There are 52 weeks in a year—how many of them do you spend enjoying freedom? Perhaps it's time for a change.
Most working professionals spend only 4 out of 52 weeks enjoying their freedom. It feels almost criminal. It’s no surprise that time moves past in the blink of an eye. If you can’t afford to reduce your work hours to do more of what you love, there’s still a way to take back control, and live life on your terms. Ever heard the expression ‘digital nomad’?
What’s a digital nomad?
Digital nomads are people who use local internet connections to work from diverse locations around the world. Their work is often freelance or remote (meaning that the company allows staff to work off-site) and the workload can vary from project-based contracts to full time hours.
From Bali to Budapest, there are many cities around the world, renowned for their affordability, great climate and proximity to incredible sights and experiences. While not every job aligns with a nomadic lifestyle, the creative and web-based industries in particular are a great fit for a digital nomad. Writers, web designers, software developers, business owners, social media managers – just to name a few – can be just as effective (if not more so) when working remotely.
If you’ve been itching to see the sights of the world, and to get a few more stamps in your passport, working as a digital nomad is one of the quickest ways to inject more adventure into your life.
Itching for adventure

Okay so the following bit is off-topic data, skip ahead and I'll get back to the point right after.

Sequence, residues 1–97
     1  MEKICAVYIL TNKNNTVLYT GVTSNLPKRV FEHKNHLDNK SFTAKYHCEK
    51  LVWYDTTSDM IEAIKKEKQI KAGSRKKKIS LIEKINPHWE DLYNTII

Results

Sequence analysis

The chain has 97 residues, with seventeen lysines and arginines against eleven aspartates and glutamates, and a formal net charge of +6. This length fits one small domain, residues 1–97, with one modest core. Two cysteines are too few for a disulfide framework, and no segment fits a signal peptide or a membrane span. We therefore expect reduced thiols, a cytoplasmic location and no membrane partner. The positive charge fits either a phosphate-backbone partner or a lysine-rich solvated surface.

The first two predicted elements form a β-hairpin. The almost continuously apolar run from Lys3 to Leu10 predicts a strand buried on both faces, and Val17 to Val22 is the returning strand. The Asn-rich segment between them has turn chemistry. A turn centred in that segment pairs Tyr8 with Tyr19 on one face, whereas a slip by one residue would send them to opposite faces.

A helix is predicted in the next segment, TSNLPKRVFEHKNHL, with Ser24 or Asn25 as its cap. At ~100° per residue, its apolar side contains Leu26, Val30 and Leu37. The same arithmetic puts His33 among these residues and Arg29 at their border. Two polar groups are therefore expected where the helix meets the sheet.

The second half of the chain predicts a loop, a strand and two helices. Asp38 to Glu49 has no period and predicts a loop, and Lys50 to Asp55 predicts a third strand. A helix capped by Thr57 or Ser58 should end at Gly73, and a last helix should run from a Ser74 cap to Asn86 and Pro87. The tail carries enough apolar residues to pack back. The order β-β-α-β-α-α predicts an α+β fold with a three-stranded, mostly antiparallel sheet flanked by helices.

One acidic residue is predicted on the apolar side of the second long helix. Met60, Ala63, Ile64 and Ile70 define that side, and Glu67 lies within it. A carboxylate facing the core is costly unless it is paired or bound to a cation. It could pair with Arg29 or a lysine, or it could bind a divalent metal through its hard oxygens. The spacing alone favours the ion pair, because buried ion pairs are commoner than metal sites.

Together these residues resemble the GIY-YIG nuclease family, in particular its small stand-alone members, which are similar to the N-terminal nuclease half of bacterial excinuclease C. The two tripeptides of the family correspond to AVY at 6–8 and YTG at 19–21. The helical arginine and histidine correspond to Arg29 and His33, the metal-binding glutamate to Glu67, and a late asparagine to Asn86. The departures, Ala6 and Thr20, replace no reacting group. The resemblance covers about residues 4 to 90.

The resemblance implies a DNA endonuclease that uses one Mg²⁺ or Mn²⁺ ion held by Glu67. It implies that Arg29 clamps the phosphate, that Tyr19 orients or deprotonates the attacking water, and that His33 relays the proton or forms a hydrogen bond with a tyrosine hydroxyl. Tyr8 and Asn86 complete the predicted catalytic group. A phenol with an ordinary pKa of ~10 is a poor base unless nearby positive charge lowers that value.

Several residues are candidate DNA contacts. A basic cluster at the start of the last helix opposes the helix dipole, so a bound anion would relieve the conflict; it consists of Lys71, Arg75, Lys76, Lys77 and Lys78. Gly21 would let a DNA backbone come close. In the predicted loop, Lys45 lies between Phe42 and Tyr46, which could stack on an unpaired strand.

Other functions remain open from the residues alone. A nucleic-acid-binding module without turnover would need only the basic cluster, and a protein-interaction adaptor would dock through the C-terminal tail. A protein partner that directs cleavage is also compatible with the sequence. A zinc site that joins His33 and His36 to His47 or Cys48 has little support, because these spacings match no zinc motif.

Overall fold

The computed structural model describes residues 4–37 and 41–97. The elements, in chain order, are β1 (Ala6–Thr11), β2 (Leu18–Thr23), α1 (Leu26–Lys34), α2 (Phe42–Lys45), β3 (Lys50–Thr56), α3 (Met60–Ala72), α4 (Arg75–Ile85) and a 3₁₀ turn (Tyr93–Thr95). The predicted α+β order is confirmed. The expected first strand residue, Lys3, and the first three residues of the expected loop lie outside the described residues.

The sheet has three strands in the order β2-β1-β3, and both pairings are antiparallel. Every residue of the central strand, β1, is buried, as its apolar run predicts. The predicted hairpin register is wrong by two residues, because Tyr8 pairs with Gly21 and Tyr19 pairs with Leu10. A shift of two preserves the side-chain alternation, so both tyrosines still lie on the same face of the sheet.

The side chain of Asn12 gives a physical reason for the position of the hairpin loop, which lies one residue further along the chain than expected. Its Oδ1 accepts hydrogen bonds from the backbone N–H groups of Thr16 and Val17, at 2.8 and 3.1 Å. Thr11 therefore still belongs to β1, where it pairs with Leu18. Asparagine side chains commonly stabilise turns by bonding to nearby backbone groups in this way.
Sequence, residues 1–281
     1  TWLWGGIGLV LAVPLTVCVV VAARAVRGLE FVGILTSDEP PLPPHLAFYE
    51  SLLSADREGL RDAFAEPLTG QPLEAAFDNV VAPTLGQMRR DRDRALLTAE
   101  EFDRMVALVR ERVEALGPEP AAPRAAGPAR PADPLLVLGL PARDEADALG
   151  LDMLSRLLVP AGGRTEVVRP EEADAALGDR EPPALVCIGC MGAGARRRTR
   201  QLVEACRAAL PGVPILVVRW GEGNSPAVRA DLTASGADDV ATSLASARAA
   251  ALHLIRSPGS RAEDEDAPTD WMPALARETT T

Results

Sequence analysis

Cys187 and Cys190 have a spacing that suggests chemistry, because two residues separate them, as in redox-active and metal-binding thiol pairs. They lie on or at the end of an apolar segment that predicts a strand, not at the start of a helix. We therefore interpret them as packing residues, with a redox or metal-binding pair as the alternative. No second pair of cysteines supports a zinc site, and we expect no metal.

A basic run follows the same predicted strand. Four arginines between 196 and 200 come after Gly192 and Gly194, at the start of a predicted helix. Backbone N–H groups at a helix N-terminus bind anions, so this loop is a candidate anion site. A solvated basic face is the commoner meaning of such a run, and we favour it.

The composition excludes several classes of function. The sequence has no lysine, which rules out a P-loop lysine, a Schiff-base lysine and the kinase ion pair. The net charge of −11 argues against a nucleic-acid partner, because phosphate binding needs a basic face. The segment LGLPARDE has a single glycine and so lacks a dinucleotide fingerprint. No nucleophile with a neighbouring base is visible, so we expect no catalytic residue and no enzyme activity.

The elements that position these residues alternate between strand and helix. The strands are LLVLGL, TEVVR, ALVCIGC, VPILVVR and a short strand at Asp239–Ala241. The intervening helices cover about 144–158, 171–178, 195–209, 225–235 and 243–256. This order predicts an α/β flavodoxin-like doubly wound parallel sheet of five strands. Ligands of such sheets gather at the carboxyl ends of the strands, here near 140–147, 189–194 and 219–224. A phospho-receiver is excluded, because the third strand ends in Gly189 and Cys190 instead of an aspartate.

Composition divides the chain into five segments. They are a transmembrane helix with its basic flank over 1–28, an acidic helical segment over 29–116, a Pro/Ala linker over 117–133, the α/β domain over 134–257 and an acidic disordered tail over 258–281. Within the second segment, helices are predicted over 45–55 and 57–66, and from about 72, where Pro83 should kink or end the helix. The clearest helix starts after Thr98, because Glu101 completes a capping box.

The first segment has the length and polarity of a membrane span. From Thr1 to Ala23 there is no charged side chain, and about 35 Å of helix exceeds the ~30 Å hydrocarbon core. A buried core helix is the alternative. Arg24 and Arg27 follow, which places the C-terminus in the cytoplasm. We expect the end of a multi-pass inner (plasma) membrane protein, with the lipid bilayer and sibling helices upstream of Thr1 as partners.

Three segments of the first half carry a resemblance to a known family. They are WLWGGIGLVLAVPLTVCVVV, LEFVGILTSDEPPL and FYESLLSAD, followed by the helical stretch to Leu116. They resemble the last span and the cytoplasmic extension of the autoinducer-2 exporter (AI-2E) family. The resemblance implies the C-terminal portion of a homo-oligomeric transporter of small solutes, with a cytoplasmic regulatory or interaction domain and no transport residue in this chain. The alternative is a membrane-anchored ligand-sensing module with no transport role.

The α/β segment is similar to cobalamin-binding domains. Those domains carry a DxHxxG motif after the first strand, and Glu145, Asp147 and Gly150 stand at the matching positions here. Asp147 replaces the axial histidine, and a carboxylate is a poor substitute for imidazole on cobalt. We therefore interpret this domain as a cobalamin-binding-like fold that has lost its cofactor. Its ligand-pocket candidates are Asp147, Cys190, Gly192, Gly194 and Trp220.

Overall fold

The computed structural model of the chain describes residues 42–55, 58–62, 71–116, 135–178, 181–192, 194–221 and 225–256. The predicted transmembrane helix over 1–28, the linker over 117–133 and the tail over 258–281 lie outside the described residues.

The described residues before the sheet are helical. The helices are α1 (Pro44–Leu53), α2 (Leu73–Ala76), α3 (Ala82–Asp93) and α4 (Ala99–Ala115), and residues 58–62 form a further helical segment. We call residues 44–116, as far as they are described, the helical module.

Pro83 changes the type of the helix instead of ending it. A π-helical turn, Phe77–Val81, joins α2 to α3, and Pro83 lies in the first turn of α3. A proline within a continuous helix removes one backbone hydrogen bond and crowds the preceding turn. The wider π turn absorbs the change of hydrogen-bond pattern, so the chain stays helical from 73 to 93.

Sometimes the best way to figure out how to do something new is to ask someone who’s already done it.
Finance writer, professional traveller and long-term nomad, Brendan Lee, is one of many digital nomads, who provide practical advice on how to get started making money while on troad. Bren writes in his guide to making money while travelling, that having a set of skills you can use from anywhere in the world, “means you can now earn money with nothing more than your laptop and wi-fi. It may take a while before you even land your first job… However, the reality is, the amount of hours you work are completely up to you.”
Bren shares his journey, going from working as an office-based accountant, to now living on the road in many different parts of the world – demonstrating how the nomadic work life is possible, and how enriching it can be. Life is yours to live at your own pace, and to revolve around your own priorities.
Finding remote work
One of the easiest ways to search for the perfect job to fund your nomadic lifestyle (or simply allow you to work from home, if that’s more your style), is by looking at the remote and freelance job listings found on websites dedicated to remote work. Platforms that can offer these opportunities include:
But first, skill up!
If your current skill set doesn’t lend itself to a life on the road, it’s not too late to up-skill, or move to a completely different field. Companies are starting to embrace the idea of employees working remotely, and the benefits that go hand-in-hand, such as greater motivation, and more lateral thinking. Experts estimate that remote work will be the norm for up to 50 percent of workers by 2020.
You don’t have to wait to go exploring either. Studying online means you could travel while still completing study – giving you the right tools for your industry, while also allowing you to gain life experience while you do it. Open Universities Australia has a huge number of degrees and single subjects, covering a wide range of study areas.
If you weren’t limited to four weeks holidays a year, where would you go? How would you spend your free time if you weren’t riding to work in an over-packed train? The possibilities are endless!
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